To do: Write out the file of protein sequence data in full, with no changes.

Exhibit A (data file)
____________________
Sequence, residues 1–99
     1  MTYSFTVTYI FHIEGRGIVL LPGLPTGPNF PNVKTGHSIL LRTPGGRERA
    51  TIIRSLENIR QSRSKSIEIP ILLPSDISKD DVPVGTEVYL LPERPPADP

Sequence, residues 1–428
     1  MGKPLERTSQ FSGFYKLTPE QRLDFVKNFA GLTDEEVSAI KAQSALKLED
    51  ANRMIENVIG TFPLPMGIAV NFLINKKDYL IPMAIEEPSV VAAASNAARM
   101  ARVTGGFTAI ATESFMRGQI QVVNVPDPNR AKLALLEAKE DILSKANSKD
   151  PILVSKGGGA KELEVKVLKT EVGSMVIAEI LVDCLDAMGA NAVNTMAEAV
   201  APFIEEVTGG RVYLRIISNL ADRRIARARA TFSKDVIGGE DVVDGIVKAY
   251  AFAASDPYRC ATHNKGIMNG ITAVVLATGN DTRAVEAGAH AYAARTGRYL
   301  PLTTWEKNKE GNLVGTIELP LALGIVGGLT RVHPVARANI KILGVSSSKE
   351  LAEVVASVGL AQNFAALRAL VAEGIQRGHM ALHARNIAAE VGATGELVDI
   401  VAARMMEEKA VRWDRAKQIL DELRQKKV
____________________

Sequence, residues 1–99
     1  MTYSFTVTYI FHIEGRGIVL LPGLPTGPNF PNVKTGHSIL LRTPGGRERA
    51  TIIRSLENIR QSRSKSIEIP ILLPSDISKD DVPVGTEVYL LPERPPADP

Sequence, residues 1–428
     1  MGKPLERTSQ FSGFYKLTPE QRLDFVKNFA GLTDEEVSAI KAQSALKLED
    51  ANRMIENVIG TFPLPMGIAV NFLINKKDYL IPMAIEEPSV VAAASNAARM
   101  ARVTGGFTAI ATESFMRGQI QVVNVPDPNR AKLALLEAKE DILSKANSKD
   151  PILVSKGGGA KELEVKVLKT EVGSMVIAEI LVDCLDAMGA NAVNTMAEAV
   201  APFIEEVTGG RVYLRIISNL ADRRIARARA TFSKDVIGGE DVVDGIVKAY
   251  AFAASDPYRC ATHNKGIMNG ITAVVLATGN DTRAVEAGAH AYAARTGRYL
   301  PLTTWEKNKE GNLVGTIELP LALGIVGGLT RVHPVARANI KILGVSSSKE
   351  LAEVVASVGL AQNFAALRAL VAEGIQRGHM ALHARNIAAE VGATGELVDI
   401  VAARMMEEKA VRWDRAKQIL DELRQKKV